Sunday, August 31, 2008

Age of excess.

Royal Chef- Gabriel Tschumi

As a young chef staring out Gabriel Tschumi got a job, that even today would be considered a great opportunity. He was hired as a cook for the British Royal family. This is not that same Royal family that is tabloid fodder. His time in the kitchen was a little before all that. When he started in his employment Victoria was Queen.

The one thing that stands out in this book is the extravagant excess's that the Royals seemed to go in for. Judging form the menus listed copious amounts of food were a regular thing. How often does one read a culinary book where the roasting of a baron of beef is a regular occurrence?
This was the age of regal excess. The Swiss born Tschmi writes about his experiences in the royal household kitchens as an outsider. Certainly not one who lived that way(who did) but some one who did his duty. There is obvious affection for the families he served, most notably Queen Mary.

Given that it was written 1954( a year after the death of Queen Mary)this is not a salacious tell all. but simply an affectionate memoir. This is good for the reader as it is a window into a time and lifestyle that is long gone. When he started in his employment Victoria was Queen

Tuesday, August 19, 2008

A Feast of a Book

A Feast Made For Laughter- Craig Claiborne 

I had heard the name over the years but had been unfamiliar with his work. I was certainly I aware of the lasting influence of Claiborne.

The book it's self is a very open and honest account of the man's life. Certainly it was an interesting one. Originally from the deep south Claiborne served in the navy during two conflicts. WWII and Korea. He then attended hotel/culinary school in Switzerland. After a series of jobs he landed at the New York Times. Eventually he wound up heading the food section and transforming it to what it is today. This is at times an intense story. He does go into some deeply personal details about his life growing up in Mississippi.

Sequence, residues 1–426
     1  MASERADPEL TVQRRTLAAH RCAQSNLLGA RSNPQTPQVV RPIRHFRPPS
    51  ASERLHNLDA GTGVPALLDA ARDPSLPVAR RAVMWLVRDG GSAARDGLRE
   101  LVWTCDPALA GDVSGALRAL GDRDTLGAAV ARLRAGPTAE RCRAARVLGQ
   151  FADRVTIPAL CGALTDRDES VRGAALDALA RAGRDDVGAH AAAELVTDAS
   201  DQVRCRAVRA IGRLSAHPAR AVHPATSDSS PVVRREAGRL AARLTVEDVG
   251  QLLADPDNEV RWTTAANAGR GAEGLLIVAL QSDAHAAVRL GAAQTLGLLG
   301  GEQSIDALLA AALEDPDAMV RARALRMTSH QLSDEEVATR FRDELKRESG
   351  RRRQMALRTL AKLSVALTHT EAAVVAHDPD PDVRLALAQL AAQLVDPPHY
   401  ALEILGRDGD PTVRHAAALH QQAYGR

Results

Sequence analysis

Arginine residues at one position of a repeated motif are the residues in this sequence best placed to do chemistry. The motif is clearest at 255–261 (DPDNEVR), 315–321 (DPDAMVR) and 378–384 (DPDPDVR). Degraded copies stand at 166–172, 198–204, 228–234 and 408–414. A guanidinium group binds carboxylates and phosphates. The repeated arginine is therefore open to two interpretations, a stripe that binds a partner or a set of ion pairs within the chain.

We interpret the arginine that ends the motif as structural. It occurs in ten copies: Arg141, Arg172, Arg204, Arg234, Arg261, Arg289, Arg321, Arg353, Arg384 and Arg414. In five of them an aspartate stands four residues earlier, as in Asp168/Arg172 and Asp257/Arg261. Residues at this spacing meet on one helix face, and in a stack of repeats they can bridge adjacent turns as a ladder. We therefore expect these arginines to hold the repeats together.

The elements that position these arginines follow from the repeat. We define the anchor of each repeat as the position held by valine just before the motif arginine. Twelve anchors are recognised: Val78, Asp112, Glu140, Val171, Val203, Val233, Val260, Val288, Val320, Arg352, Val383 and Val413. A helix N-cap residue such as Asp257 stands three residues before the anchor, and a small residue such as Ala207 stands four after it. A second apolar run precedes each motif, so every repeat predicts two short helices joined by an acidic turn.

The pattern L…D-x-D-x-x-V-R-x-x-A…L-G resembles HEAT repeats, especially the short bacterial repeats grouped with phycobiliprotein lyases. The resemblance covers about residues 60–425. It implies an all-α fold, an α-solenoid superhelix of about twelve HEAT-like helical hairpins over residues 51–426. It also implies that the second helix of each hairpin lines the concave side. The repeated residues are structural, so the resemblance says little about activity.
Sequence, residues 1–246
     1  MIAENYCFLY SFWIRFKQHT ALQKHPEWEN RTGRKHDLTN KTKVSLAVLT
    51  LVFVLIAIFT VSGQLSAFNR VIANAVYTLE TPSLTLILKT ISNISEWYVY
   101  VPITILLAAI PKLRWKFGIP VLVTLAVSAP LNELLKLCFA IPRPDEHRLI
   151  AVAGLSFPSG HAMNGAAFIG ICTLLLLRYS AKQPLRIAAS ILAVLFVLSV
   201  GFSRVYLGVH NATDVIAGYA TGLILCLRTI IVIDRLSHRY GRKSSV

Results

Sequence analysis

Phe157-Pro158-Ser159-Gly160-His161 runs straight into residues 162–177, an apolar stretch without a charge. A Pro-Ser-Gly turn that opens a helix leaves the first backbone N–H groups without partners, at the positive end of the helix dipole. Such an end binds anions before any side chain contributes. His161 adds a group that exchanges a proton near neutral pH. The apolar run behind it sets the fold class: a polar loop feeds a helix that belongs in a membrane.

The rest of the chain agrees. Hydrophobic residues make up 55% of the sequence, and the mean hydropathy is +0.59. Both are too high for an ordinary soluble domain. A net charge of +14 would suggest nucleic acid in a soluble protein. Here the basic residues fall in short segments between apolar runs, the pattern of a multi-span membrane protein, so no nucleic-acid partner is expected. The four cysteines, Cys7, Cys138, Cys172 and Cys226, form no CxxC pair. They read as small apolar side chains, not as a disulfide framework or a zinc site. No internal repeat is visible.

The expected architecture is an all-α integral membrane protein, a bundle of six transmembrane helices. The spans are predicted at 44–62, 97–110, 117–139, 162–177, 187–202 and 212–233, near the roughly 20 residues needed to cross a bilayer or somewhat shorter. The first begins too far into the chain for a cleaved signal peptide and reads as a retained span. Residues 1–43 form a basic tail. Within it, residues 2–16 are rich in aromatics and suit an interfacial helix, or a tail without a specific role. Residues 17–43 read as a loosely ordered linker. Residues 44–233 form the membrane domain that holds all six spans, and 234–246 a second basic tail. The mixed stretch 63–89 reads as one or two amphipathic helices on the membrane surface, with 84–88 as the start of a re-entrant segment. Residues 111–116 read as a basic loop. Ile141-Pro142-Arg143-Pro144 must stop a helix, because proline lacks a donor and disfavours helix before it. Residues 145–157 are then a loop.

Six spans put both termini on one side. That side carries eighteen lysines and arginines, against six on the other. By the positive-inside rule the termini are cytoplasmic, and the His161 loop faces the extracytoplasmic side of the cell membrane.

Claibrone's story takes up about half the book. The rest of the volume he has divided into two parts. The second of these is a collection of his one-hundred favorite recipes. These run a gamut (but do seem to be a little dated in some cases) from the basics for crepes and English custard to Le Cirque's spaghetti Primavera as well as Mrs. Reardys Shrimp and Artichoke Casserole. But it is the First list that is the most interesting. This is a listing of one hundred-plus 'must' haves for one gastronomic library. Granted there dose not seem to be a opportunity missed to included the works of himself or his friends(but hey why not it is after all included in his book.). It is certainly interesting to see where things stood in to mid 1970's. Especially of note is the international section. Claiborne was a proponent of what was then considered 'exotic' and which we today simply call  Hungarian and Spanish etc. Claiborne was a great proponent of broadening peoples horizons.

Wednesday, August 13, 2008

Forgotten roots.

The Land That Thyme Forgot-William Black 

Ah...English food there is nothing really quite like it. That statement is can be taken any number of ways. True many a joke has been made at the expense of British gastronomy and not without good reason. But like all countries England has a unique culinary heritage all it's own.

It is in fact a rich history that has somehow gotten over looked and surpassed by the negativity that has grown up around British food. Like any country there is a great deal of local diversity and numerous regional dishes and food.

Black, an Englishman, has taken it upon himself to look into British cuisine, not through the eyes of a critic but more of those of a traveler. He crisscrossed the country looking for the unique and the good. The unexpected and the endangered. 

In return the reader gets a look at a fascinating side of the UK that is often over looked. As well glimpses in to corners of the land that are well off the beaten path. Small producers are profiled and regional specialties tasted. It is somewhat reassuring that there still is some diversity out there. While at the same time one can't help but wonder how much longer some of it can last in  an overly homogeneous and highly regulated marketplace.